And as this year winds down, I find myself spending more time inside making dinners with friends, sipping cordials and (of course) watching movies. One that I’ve recently (and finally!) seen is Juliette of the Herbs. It’s a movie about Juliette de Bairacli Levy, the Gypsy herbalist of Europe and pioneer of holistic veterinary medicine.
It’s a gorgeous film that chronicles her years of traveling, curing and learning from the nomads and peasant people of the places she visited. She authored many books–her herbals were very influential to American herbalists, and her poetry is divine.
I never got to meet Juliette. She passed in 2009. But in watching her speak in this film I’m touched by the brightness and simplicity of her spirit. Her laugh is very sweet and youthful, and her eyes are so kind. People like her inspire me. I am reminded of the simplicity of life that I long for, but don’t allow myself. She’s an example of being–not necessarily doing all the time. We live in a society where we feel that we have to keep up with everyone else…and we’re very fast. I definitely live this pace myself, and I wonder if that’s how I really want to live on this planet. Working with the healing plants draws me back to the simplicity of Nature and the abundance of healing. I, like many others (I’m sure), need this more than ever. In this film, Juliette embodies this way of life. She’s an incredible light.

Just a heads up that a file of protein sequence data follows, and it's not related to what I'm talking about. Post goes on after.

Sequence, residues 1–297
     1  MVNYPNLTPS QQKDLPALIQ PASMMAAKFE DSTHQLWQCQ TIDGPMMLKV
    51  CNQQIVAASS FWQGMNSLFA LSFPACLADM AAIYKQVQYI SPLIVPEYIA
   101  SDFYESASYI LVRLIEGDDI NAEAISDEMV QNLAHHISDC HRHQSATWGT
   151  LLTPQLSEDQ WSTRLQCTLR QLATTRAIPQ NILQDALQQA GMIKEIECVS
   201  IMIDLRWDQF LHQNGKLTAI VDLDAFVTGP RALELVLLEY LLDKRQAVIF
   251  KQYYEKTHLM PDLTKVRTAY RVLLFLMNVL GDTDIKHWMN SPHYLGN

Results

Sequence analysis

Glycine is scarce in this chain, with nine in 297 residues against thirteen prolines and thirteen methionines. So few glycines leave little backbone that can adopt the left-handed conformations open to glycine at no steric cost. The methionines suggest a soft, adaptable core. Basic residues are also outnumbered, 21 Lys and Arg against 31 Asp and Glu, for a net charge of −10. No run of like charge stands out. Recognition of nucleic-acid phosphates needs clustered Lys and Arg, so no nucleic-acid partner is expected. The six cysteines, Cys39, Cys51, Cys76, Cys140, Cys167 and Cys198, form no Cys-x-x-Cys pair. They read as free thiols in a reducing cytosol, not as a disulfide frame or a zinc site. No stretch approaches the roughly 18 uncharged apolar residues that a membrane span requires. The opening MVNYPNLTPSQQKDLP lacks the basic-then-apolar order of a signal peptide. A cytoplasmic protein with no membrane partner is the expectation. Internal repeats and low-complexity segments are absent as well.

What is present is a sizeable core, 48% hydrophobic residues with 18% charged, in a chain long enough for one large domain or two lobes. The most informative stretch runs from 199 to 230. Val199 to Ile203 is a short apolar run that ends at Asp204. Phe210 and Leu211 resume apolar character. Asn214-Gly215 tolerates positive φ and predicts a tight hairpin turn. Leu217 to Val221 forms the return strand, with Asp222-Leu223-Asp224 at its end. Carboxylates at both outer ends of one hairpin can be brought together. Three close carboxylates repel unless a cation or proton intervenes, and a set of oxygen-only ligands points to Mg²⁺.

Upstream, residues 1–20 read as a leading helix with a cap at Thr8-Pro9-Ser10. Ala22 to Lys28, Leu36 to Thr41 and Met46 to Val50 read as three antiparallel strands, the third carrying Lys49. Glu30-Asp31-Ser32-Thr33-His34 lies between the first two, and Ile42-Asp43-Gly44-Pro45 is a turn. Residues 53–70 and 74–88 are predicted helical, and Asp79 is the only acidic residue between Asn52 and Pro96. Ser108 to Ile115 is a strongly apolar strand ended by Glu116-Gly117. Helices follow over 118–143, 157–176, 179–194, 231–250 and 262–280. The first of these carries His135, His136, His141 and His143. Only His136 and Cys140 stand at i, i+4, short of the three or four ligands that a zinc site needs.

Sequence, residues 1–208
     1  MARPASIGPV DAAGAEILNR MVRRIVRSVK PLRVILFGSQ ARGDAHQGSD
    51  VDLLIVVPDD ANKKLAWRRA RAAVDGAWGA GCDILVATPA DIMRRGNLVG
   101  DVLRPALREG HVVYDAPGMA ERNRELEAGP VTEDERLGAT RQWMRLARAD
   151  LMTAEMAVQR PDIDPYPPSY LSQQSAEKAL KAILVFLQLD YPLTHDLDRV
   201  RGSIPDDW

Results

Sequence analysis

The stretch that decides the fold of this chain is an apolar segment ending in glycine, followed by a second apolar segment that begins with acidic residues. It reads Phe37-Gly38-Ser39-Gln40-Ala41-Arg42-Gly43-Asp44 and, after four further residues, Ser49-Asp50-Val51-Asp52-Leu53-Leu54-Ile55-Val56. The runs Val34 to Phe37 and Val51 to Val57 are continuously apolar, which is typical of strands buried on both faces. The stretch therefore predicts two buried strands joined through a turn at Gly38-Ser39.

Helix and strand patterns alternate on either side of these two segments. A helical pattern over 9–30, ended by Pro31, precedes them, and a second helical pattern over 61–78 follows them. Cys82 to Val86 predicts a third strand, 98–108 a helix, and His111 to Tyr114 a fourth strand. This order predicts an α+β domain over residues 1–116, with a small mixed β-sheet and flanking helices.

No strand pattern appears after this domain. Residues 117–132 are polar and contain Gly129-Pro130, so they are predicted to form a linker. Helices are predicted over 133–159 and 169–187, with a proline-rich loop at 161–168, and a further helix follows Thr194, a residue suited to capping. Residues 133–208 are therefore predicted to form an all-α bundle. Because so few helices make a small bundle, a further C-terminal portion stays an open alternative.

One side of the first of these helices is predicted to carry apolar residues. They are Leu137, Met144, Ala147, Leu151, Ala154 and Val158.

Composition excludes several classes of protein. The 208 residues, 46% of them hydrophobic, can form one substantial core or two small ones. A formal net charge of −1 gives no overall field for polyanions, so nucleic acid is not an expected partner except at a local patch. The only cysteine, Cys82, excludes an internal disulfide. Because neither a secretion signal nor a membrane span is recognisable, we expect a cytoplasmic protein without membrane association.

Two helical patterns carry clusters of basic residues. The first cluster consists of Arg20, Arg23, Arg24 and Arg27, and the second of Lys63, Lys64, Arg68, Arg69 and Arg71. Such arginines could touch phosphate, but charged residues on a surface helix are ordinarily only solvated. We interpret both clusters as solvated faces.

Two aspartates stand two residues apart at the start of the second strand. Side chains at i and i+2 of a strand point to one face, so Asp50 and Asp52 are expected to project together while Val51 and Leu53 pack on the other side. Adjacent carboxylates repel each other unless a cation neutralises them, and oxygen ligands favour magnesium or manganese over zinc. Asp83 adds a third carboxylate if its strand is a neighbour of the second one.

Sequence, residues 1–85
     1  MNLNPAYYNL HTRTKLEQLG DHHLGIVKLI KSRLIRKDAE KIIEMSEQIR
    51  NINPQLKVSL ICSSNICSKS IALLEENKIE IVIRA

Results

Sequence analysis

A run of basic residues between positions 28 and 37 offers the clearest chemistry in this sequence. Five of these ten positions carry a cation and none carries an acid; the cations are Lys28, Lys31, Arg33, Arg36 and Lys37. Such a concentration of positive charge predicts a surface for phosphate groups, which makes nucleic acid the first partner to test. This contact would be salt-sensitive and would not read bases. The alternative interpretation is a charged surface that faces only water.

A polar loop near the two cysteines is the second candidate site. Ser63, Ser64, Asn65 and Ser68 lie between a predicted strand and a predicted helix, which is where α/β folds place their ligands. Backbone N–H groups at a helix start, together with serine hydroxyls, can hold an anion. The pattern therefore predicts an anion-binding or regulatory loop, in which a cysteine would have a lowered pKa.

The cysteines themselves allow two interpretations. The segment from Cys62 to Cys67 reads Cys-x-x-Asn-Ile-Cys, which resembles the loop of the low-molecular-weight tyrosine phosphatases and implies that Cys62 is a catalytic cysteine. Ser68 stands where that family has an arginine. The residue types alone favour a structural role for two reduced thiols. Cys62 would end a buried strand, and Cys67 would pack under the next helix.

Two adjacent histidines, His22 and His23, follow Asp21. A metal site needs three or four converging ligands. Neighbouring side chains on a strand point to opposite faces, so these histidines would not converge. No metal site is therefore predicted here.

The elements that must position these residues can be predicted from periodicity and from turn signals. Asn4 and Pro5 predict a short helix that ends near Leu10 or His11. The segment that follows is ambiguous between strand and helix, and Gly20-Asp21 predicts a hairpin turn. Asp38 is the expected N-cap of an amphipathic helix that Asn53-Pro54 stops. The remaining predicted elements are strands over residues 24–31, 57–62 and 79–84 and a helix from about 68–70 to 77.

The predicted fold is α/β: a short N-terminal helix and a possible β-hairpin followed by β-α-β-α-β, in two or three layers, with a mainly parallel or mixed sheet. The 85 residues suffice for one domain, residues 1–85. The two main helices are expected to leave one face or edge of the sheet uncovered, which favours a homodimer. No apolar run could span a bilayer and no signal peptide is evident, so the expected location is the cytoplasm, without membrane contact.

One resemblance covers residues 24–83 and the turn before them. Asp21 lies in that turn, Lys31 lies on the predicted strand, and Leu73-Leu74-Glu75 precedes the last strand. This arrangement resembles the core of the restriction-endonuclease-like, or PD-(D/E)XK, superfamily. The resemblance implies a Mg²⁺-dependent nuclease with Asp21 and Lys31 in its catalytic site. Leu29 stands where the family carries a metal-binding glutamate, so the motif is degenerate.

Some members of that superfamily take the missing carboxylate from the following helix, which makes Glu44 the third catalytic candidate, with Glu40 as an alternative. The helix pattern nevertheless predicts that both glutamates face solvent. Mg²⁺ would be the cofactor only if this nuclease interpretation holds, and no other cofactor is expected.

She was a true lover of animals, and the way she interacts with them brings tears to my eyes. I haven’t had the pleasure of reading her herbals for animals, but as I’m now a feline parent, they’re at the top of my list.
If you ever get a chance, make some tea and watch this film. In closing, I’ll post one of her poems below. Enjoy!
by Juliette de Bairacli Levy
You shall die, and I shall die!
Take our places in the sky.
You and she, and he and I,
When the time comes, all must die.
That’s a game we would play,
Man and woman, girl and lad,
In gypsy camps far away,
Laughing times, yet passing sad.
Poppy crowns for everyone,
Red rose for the fairest one.
We would shout, King Death to come,
Laughing loudly, turn and run.
Then more the cry! Who will die?
Nor he, nor she, and not I,
Want that fearful power to fly.
We would pass the hours that way,
Bed with Gypsies by cool streams,
Golden days of dance and play,
Harp and flute and tambourines.
But poppy crowns droop and fade,
Feet grow weary, hearts afraid.
Time kills all in Gypsy Glade,
Flower and tree, man and maid.
Gone the Gypsies, every one,
All who played the Gypsy game,
Left the earth, its mirth and fun,
Starry nights and hyacinth lane.
None can play that game alone,
Thus I want to hear the cry,
Come now! Leave thy earthy home,
Join the Gypsies in the sky.